It’s hard to believe that a couple might find it difficult to locate a thread of romance amongst the dirty nappies, mouldy half-eaten school lunches, mountains of dirty socks, and general stress and strain of raising a family, but it does happen.
The following is a not-entirely hypocritical list of tips for parents who find it tough to keep the romance alive while parenting small children.
Admittedly, some of these are untested ideas that seem worth trying (and we solemnly promise to find time to do so), but others are tried and true methods of fanning the marital flame.
If you or your partner happen to be flicking through the newspaper (by this I mean Facebook, obviously) and you find yourself saying or hearing the words, “That would be great if only we had the time”, write it down.
Since you probably have your phone in your hand anyway, it’s easy to keep a short wishlist of events or ideas you can draw from later.
When your parent/friend/Mum-at-the-school-gate/sister-in-law tells you about the “fabulous new restaurant that you simply must try” or the “brilliant show that you’ve just got to see”, instead of nodding and smiling whilst mentally lopping off her head with a blunt spoon, try actually listening to what she has to say.
Ask the pertinent questions – “How much did it cost?”, “Did he like it as much as you did?”, “What was so great about it?”, “Why do you think we would like it?” etc etc.
Helpful tip: “Why didn’t you invite us in the first place, asshat?” is not productive.
Chances are, you live somewhere that has access to deal websites like Groupon, Living Social, Ouffer, Cudo etc.
If you’re not familiar, these are called ‘group buying deals’.
They generally offer savings of around 50% in Australia, and often more than that.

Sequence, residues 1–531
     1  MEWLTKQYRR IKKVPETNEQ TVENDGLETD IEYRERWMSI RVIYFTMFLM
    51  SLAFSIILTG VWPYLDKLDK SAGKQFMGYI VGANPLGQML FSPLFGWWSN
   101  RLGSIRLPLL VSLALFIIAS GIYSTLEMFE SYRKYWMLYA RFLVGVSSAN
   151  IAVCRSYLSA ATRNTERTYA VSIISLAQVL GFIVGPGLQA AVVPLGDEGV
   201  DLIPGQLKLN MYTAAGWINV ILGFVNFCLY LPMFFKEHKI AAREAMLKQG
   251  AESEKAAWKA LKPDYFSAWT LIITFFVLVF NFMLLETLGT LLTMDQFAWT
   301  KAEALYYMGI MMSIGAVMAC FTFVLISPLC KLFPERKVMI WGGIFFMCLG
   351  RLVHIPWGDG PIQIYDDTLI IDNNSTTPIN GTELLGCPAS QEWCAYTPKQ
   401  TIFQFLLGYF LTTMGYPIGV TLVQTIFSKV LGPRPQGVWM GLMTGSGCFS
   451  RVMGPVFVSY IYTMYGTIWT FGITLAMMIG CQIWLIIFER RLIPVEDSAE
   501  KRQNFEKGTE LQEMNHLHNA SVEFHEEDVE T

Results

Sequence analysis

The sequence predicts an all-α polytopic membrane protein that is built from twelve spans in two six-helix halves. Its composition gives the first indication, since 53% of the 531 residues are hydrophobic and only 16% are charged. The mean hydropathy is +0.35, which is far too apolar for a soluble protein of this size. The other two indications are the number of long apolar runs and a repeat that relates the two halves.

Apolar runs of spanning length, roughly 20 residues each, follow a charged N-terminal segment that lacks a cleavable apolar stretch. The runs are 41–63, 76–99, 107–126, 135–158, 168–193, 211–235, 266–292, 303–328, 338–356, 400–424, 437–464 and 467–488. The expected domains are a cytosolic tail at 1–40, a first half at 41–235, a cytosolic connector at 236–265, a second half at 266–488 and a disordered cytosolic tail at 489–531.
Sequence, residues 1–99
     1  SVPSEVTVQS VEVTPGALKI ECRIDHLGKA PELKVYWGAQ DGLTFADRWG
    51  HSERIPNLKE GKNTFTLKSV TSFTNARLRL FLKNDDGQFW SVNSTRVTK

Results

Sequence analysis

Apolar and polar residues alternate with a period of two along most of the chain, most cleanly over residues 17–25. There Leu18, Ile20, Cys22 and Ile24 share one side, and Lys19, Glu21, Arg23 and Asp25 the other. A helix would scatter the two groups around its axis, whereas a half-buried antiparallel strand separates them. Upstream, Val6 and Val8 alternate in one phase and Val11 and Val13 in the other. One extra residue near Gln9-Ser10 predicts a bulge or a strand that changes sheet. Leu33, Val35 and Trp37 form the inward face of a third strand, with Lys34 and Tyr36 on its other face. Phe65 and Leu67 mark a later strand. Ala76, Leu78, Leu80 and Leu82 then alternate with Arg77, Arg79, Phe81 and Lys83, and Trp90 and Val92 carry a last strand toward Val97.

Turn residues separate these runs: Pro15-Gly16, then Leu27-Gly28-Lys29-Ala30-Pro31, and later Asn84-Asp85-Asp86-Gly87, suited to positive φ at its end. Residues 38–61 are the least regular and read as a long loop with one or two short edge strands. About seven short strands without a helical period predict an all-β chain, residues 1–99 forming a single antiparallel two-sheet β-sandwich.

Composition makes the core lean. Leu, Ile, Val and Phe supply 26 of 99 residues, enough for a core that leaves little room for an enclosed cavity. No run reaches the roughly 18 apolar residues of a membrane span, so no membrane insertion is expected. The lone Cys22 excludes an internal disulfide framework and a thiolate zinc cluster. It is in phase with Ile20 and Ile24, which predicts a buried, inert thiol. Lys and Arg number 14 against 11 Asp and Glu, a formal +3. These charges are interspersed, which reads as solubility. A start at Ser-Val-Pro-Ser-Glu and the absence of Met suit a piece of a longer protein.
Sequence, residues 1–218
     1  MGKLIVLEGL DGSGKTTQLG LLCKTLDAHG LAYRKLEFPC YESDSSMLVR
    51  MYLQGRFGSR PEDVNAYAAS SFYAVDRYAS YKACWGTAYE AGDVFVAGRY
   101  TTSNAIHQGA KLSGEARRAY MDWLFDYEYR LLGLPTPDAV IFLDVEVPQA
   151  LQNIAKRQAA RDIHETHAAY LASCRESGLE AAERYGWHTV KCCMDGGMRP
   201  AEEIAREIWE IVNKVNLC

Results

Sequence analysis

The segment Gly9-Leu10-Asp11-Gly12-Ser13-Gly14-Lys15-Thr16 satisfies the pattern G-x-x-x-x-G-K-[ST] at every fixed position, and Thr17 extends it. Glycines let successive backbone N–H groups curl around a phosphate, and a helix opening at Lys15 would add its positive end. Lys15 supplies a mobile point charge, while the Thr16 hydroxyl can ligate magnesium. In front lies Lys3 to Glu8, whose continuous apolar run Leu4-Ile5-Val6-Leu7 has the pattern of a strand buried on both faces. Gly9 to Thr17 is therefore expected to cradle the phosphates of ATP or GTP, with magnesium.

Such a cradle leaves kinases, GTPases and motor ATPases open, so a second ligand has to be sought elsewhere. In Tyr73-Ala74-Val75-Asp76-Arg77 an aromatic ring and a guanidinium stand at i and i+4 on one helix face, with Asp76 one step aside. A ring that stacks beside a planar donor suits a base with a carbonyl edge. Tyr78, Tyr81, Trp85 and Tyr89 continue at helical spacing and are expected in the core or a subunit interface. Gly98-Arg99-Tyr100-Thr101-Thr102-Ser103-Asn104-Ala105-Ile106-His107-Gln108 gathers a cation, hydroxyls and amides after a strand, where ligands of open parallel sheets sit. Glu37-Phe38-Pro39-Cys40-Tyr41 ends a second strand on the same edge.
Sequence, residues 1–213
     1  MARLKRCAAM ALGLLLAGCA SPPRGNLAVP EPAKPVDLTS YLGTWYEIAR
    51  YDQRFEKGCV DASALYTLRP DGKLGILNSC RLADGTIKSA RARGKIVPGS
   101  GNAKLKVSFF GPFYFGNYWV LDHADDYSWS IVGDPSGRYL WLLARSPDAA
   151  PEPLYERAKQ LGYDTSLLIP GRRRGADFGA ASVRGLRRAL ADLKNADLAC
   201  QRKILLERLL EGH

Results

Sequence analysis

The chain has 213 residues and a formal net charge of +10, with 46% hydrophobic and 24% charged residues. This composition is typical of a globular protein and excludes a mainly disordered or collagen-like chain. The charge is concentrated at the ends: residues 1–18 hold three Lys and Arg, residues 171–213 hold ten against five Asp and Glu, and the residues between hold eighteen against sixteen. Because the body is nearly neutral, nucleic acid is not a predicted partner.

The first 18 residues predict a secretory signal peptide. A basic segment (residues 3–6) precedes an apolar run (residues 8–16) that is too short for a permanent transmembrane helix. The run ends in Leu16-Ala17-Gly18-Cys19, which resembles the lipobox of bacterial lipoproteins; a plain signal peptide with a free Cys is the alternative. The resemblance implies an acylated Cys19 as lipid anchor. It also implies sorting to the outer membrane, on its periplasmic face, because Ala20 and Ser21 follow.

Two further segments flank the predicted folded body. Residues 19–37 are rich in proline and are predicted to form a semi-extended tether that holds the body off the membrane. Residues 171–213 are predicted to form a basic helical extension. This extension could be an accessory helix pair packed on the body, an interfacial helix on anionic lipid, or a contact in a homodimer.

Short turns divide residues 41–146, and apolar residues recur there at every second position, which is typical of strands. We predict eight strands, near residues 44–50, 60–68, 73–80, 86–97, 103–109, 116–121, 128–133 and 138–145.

We suggest you get onto these sites and have a browse – they’re a font of ideas and a great way of saving significant cash.
For example, Michael and I enjoyed a three-course meal at a small restaurant on Saturday night for a whopping $29 – for both of us.
Some deals even include a bottle of wine.
If eating out isn’t your thing, most sites offer massages and other pampering, or - for the more adventurous - we’ve even seen stand-up paddleboarding classes and tandem skydiving vouchers.
Another recent deal we enjoyed was a 90-minute night kayak down the Brisbane River followed by a gourmet buffet barbecue at the foot of the Kangaroo Point cliffs with free-flowing drinks and dessert, all for $55 each.
The value is amazing and the voucher sites offer up ‘date night’ activities we never would have considered, and – at the risk of sounding like an infomercial - at prices we can actually afford.
We’re not suggesting you grab a few ‘Madlibs’ cards on your way out the door, but hey, if you’re desperate they would probably do.
A better plan would be to give it a bit of thought before you go.
Something interesting must have happened to you or your spouse this week.
Try to steer clear of the “Work-work-work”, “Kids-Kids-Kids” trap.
What got you together in the first place?
Before you had children in common, what was it that drew you to each other?
Michael and I are giant nerds (especially Michael), so we watch and pick apart Joss Whedon shows while cursing the Fox network for cancelling Firefly. Bastards.
There have been many times we’ve been invited somewhere or asked if we’re available for visitors or babysitting etc and I’ve wanted to say no, for no other reason than Michael and I haven’t had a proper conversation all week.
On the rare occasion that I do say no, the evening passes in a blur of crappy TV shows and dishwashing and we go to bed still not having had that conversation.
The point I’m trying to make here is that if our expectations aren’t clear, one or both of us is bound to come away disappointed.
When a doctor’s appointment appears in the calendar, we know exactly what that means.
What’s wrong with putting a regular ‘date night’ in there too?
They don’t all have to be wine and roses, but something that takes you both away from the monotony of another exhausted sprawl on the couch.
Even sprawling on the couch together could tick off that appointment in your calendar.
You may be noticing a distinct lack of ‘marital flames’ in this article - at least, this is my husband’s comment on it. To this I say, ‘If you build it, they will come’ (no dirty pun intended). A fundamental difference between men and women (although admittedly a stereotype) is that men often look to sex for stress relief, whereas women prefer to de-stress first – to get ‘in the mood’. It may surprise some men to discover that their wives miss it as much as they do! With a closer, more fulfilling relationship, everybody wins.
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